Using Raman Spectroscopy to Detect Disease-Causing Bacteria

June 1, 2020

A new diagnostic approach to detect pathogenic bacteria uses Raman spectroscopy, a technique normally used to probe material structures

Images: Srividya Kumar, Pixabay

The key to treating infectious diseases lies in quickly detecting the pathogen or disease-causing agent, as well as checking for its viability – whether it is alive or dead in patient samples. Determining viability also helps physicians decide the dose of antibiotics to be prescribed, and reduces the possibility of overprescription that can lead to antibiotic resistance.

A research team at IISc has now developed a method to rapidly identify and check whether a disease-causing bacterium in a sample is alive or dead. It employs Raman spectroscopy – a technique that is usually used to identify chemical bonds in materials – to recognise bacteria and test for their viability.

“The uniqueness of this study is the rapidity and sensitivity of the method, and its potential for being modified into a bed-side, table-top device for diagnosis,” says Srividya Kumar, a former PhD student at the Department of Inorganic and Physical Chemistry, and first author of the study published in the journal Analytical and Bioanalytical Chemistry.

Infectious bacteria are usually identified by techniques that involve growing them on a nutrient medium in a Petri dish. However, it can take two to three days to track their growth and confirm whether they are dead or alive. In addition, bacteria that are difficult to grow in lab cultures often go undetected. More sophisticated methods such as Polymerase Chain Reaction (PCR) create a genetic profile of the bacterium, but cannot tell whether it is alive or dead.

Raman spectroscopy is used widely in the field of chemistry to probe the structure of molecules. In this study, however, Kumar and her colleagues combined this approach with advanced microscopy to check for the presence of bacteria.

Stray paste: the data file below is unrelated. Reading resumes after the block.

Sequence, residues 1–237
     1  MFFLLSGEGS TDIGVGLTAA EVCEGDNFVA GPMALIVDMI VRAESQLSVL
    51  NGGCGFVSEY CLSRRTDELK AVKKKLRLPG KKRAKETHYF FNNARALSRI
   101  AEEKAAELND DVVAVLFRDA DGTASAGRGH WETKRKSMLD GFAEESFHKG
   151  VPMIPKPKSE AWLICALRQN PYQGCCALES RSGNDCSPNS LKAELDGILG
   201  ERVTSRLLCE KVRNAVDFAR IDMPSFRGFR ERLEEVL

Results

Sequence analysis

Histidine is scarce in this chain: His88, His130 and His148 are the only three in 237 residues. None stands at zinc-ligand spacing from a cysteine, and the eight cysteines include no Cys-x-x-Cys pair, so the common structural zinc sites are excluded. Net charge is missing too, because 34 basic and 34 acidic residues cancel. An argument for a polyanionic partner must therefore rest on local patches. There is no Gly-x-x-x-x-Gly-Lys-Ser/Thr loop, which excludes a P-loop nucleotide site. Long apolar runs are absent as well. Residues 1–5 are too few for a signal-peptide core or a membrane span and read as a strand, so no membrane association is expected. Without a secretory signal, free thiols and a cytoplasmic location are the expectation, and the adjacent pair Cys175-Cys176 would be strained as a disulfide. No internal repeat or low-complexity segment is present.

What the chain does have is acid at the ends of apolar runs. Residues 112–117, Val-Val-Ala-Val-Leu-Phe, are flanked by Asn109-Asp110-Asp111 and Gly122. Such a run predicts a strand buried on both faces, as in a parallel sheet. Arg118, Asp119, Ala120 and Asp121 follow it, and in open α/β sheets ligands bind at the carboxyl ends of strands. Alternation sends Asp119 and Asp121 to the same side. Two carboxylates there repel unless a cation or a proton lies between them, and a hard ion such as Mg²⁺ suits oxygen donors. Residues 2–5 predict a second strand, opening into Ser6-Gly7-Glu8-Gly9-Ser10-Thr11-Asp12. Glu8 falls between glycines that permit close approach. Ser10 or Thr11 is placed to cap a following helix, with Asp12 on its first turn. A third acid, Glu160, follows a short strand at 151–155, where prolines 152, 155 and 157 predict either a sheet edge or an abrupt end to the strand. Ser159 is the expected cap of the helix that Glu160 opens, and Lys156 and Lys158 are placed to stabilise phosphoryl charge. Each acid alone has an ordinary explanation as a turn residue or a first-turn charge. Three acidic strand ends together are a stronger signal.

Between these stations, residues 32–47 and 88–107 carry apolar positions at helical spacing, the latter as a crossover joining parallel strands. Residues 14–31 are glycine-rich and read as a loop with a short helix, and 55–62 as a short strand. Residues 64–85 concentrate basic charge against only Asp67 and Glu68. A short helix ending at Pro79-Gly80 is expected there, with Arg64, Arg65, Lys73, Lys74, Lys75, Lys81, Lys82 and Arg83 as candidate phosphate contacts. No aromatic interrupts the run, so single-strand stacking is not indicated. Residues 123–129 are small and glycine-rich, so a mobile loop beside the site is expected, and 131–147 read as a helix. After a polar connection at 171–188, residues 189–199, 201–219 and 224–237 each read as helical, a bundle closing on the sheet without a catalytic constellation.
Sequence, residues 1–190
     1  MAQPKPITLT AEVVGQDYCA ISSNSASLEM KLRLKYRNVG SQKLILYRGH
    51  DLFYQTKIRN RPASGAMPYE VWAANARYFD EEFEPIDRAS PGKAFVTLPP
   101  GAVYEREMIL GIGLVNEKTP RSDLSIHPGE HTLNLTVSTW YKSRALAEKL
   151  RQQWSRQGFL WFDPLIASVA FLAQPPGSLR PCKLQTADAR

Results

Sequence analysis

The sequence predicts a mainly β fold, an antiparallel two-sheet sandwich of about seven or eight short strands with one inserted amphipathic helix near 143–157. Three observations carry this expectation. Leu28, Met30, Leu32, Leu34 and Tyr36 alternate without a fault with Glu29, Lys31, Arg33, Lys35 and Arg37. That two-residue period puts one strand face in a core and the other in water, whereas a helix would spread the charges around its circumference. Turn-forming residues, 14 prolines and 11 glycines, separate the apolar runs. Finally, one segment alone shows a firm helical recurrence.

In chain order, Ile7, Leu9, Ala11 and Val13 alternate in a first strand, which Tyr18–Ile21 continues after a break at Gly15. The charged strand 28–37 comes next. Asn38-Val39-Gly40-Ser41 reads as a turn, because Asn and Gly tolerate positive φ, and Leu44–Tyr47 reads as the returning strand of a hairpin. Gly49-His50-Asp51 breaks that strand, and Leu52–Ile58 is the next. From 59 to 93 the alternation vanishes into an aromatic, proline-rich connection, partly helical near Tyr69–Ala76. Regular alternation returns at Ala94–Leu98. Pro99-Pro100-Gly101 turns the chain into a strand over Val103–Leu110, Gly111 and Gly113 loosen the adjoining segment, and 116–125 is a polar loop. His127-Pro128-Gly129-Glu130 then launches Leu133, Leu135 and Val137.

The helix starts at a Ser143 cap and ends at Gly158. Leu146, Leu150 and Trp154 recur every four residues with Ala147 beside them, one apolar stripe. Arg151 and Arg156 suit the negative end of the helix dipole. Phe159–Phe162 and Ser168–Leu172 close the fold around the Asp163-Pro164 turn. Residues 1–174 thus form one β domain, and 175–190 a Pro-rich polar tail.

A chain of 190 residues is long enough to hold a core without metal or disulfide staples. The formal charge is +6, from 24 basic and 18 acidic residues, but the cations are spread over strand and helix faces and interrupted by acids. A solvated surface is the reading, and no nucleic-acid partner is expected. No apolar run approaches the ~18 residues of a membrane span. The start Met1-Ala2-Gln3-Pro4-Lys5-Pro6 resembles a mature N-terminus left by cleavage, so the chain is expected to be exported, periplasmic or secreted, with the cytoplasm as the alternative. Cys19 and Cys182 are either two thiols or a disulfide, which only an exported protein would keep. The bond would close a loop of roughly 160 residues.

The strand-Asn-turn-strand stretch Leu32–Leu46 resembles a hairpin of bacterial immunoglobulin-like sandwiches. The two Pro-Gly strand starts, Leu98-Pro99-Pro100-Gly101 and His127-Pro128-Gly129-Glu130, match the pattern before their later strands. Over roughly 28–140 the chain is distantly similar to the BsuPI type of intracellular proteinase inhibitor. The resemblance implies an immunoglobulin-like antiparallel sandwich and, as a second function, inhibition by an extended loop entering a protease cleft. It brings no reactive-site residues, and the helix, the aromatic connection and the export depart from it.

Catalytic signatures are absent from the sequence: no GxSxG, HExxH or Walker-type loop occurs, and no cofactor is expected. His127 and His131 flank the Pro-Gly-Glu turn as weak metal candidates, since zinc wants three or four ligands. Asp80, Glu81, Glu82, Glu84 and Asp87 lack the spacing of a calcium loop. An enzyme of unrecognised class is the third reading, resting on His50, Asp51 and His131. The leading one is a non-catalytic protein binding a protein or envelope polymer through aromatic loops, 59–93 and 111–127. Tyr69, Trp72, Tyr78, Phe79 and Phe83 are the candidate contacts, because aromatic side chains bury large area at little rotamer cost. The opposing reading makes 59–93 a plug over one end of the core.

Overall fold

Using a microspectroscope, the researchers bounced a laser beam off the sample and captured the light scattered by it in the form of a spectrum, which varies with the biochemical composition of the bacterium. Each bacterial species generates a unique spectrum with specific values for intensity and wavelength position of the scattered light, depending on the type of chemical bonds present inside the bacterial cell.

The material that is used for mounting the bacteria in this technique, known as the substrate, is also crucial because some substrates can add noise to the biochemical profile. The researchers developed a neutral, aluminium-based thin film substrate which does not generate background signals that may interfere with the spectra.

The researchers used this technique to detect whether the tuberculosis bacterium was present in a sample medium that resembles sputum. They also tested the approach on samples containing five other microbes. They were not only able to differentiate between the various bacterial species, but also between living and dead bacterial cells – since the chemical composition of the two differs – within two to three hours after sample collection. The technique was sensitive enough to generate a spectrum even for a single bacterial cell.

As each bacterial species gives rise to a unique spectrum, it might be possible to eventually build a database of pathogens that can be used in clinical diagnosis.

“Though we have validated the method for tuberculosis, the methodology can be extended to any type of bacterial infection,” says Deepak Saini, Associate Professor in the Department of Molecular Reproduction, Development and Genetics, and one of the senior authors of the study.